“Then on the other side of the coin, we have to manage the amount.”
Pay attention to time spent on devices and watching the news. At a certain point in the evening, it may help to turn off cellphones or leave them in another room.
“There are times you have to disconnect and I’m saying we’re now in a situation where that is extremely important,” he said.
“We have to turn the phone off. You have to get to a certain point in the day and realise that there’s a point of negative returns on the amount of information we take in … It’s not going to help you to get the rest you need, to recharge your body and your mind to face the next day. Nothing’s going to happen between that time that’s going to change anything worthwhile of benefit for us.”
Reframe the situation
Sitting idle at home can feel frustrating but we have more power in this situation than it initially appears. Staying home and doing nothing are actually the most important acts we can commit right now, he said.
By practising social isolation and following public health advice, we become part of the larger solution.
“So, staying at home, keeping up social isolation, not going out unnecessarily, using the hygiene techniques in terms of washing our hands and being careful who we interact with is actually a very solid means of contributing to helping control the spread of what’s going on, and hopefully shortening the duration of what we’re going through,” Lockhart said.
“So, it’s reframing in our mind the ways that we can contribute and help. Many of us feel that, ‘Well, I’m just sitting at home. I’m just locked away.’ And, I say, we need to restructure that. You are doing something. You’re doing quite a lot.”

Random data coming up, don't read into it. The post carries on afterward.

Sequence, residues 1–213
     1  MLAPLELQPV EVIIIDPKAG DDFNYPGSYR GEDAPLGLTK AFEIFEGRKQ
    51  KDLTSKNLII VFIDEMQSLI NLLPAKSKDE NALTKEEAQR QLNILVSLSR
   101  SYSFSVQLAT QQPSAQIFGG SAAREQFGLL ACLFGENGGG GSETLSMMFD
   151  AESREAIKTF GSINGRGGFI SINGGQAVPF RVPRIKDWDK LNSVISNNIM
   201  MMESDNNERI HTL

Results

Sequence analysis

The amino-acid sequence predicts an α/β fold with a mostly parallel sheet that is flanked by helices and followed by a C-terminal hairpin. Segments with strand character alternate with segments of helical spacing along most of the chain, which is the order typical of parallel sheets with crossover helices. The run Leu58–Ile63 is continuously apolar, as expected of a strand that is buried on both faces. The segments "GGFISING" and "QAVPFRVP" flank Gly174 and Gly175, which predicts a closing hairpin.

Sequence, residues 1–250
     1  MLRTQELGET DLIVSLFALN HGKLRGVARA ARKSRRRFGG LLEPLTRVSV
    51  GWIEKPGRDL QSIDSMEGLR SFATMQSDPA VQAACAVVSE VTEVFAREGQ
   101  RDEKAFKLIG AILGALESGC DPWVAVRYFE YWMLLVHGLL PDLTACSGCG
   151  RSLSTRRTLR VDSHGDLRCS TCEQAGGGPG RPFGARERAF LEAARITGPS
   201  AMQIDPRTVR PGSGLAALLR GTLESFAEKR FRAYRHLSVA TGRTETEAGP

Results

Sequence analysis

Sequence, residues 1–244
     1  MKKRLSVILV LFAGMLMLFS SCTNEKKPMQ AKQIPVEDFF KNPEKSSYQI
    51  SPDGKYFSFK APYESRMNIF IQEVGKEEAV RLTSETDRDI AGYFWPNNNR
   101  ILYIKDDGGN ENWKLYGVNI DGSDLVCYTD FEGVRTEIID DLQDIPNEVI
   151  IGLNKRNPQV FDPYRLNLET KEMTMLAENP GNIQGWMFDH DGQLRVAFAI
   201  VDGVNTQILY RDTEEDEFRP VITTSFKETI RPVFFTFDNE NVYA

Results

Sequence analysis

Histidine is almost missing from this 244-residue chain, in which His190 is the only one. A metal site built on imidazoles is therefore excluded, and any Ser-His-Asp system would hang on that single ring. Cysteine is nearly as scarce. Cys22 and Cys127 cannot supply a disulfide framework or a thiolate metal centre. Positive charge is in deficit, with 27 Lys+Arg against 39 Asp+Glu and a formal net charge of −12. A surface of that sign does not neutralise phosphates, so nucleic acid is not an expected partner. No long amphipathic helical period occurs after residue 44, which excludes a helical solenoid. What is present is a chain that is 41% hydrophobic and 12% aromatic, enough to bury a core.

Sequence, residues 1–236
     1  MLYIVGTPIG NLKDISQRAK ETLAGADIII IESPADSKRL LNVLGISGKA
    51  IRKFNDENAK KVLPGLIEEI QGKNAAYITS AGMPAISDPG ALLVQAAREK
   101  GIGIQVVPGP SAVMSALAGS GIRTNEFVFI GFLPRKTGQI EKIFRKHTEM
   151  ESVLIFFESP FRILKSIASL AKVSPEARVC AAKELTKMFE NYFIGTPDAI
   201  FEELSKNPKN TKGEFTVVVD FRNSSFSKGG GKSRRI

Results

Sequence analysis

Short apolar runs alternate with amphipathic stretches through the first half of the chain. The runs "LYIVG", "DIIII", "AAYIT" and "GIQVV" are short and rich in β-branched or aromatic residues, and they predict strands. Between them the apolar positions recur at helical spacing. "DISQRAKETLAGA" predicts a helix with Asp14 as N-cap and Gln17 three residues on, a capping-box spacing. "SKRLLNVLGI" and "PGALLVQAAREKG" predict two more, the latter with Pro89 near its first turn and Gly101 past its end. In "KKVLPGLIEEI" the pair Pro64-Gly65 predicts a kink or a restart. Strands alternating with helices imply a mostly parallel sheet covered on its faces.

Recognise unhealthy environments
For many people, home can be a stressful, unsafe or traumatic place. That makes the curfew measures even more painful and unhealthy for many members of our community.
“Many of us are in environments that are very disruptive, that there is substance use. There is physical and emotional abuse,” Lockhart said.
“It’s still very important to know that if you are feeling overwhelmed, you can reach out to a lot of the private facilities on island. You can reach out to the Health Services Authority that does have a counselling and psychiatric department to get guidance and help.”
While exercising, maintaining a good diet and getting enough sleep can help reduce stress, it is important to recognise when a situation is out of control.
“We don’t want to minimise. If those things aren’t helping or you’re in an environment that is challenging, we still have resources that will continue to provide help, guidance, and support, and if necessary, remove you from that environment and find somewhere else.”
Monitor drug and alcohol use
A sudden surge in stress and tension can increase the temptation to self-medicate and turn to drugs or alcohol to disconnect from reality. In fact, an increase in substance abuse is something health care professionals anticipate and are ready to address.
“Whenever we’re going through any type of a major, traumatic community event, we find that as time goes on, the longer that we have to isolate, the higher the risk increases for things like poor coping-type mechanisms, increased alcohol use, increased use of substances,” Lockhart said.
It’s important to be aware of how much we’re consuming and even writing down how many drinks, cigarettes or other harmful substances we’re consuming each day, he explained.
“Again, if we find that we’ve gotten into a problem or there’s an issue with that, help is still available.”